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Re: monit "check program" reap interval

From: Leif Gustafson
Subject: Re: monit "check program" reap interval
Date: Thu, 14 Jun 2012 17:21:37 -0800
User-agent: Mozilla/5.0 (Windows NT 6.1; WOW64; rv:11.0) Gecko/20120312 Thunderbird/11.0

On 06/14/2012 5:02 PM, Jan-Henrik Haukeland wrote:
> On Jun 15, 2012, at 1:15 AM, Leif Gustafson wrote:
>> Hello,
>>  The documentation for the "check program" service test in monit
>> 5.3/5.4 indicates that a child process is reaped at the next cycle.  Is
>> this also the case if you have configured your "check program" test to
>> run every n cycles?  
> No, skip has precedence, so it will wait for n cycles before reaping the 
> process.
>> For instance, if I configure a script to be tested
>> every 5 cycles (assume a 60 second cycle interval), does monit execute
>> the script and check the result in 1 minute (on the very next cycle) or
>> 5 minutes (when the script is to be run again)?  
> It checks in 5 minutes
>> Also, does the TIMEOUT
>> N SECONDS clause impact when the child is reaped?
> No, only when the check is performed. At check time the test 'if 
> (execution_time > timeout)' is run to decide if the program timed out. Where 
> execution_time is computed as now - start time of program.
> Is there a problem with the "long" reap time? As noted in the documentation, 
> the caveat with the current design is that reaps are done cycle based and 
> exited child processes may be in a zombie state within that time frame, but 
> they _will_ be reaped. 
> Also as mentioned in the doc we are refactoring away the whole poll cycle 
> based engine and replace checks with an event loop and a thread-pool so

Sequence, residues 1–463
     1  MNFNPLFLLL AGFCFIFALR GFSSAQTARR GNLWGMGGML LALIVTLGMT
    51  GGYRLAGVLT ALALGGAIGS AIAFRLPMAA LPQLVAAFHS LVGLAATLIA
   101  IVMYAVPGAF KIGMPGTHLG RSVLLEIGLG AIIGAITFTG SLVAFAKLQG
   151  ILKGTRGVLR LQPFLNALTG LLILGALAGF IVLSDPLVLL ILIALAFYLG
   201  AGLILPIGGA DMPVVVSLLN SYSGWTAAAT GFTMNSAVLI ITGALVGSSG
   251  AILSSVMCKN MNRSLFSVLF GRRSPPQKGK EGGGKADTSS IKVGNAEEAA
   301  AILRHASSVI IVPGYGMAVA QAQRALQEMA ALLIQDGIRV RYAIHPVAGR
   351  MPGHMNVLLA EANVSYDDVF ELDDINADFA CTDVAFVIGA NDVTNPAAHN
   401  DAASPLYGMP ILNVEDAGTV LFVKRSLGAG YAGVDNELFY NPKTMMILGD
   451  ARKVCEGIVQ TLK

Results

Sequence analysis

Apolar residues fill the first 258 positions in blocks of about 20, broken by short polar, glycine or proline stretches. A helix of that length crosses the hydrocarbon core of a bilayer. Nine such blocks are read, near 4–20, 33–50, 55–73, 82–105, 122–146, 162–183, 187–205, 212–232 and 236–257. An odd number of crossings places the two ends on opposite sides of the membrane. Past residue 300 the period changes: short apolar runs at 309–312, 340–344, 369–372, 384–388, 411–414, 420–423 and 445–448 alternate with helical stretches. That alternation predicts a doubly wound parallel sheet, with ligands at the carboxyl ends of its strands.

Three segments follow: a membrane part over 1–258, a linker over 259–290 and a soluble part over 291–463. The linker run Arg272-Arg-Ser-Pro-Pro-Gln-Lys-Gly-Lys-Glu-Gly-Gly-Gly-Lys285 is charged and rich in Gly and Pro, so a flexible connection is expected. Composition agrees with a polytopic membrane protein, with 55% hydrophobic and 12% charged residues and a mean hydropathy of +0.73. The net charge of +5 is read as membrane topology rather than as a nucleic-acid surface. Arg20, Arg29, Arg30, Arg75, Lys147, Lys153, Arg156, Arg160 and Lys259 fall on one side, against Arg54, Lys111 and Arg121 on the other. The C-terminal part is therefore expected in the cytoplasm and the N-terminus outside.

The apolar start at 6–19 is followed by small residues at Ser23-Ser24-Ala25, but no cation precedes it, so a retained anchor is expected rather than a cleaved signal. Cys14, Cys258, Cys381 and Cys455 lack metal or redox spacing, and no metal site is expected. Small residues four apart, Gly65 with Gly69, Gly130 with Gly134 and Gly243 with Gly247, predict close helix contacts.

> checks can be performed at individual time and with sub-seconds resolution. 
> This new design will also ensure that child-processes will be reaped when 
> they exit. 
> --
> To unsubscribe:

Thanks for the response.  The main issue I have with the behavior is
that it seems as if you don't get alerted in a timely fashion *if* you
skip cycles, and it seems to get worse the more cycles you skip.  Say I
configure a script to run once per day (because the script performs an
expensive operation that can't be run often)... I configure it to run
every 1440 cycles (or use the new cron-like functionality).  In this
scenario, I wouldn't be notified of problems until the process has been
reaped (approximately one day later).  At least, that's the issue that I
seem to be up against.

The new event-based engine sounds fantastic.  Until that happens, it
would be nice to be able to either control when the child gets reaped or
at least check once per cycle (still honoring the default or specified
timeout) so that we can still deal with problems in a timely fashion.

Leif Gustafson

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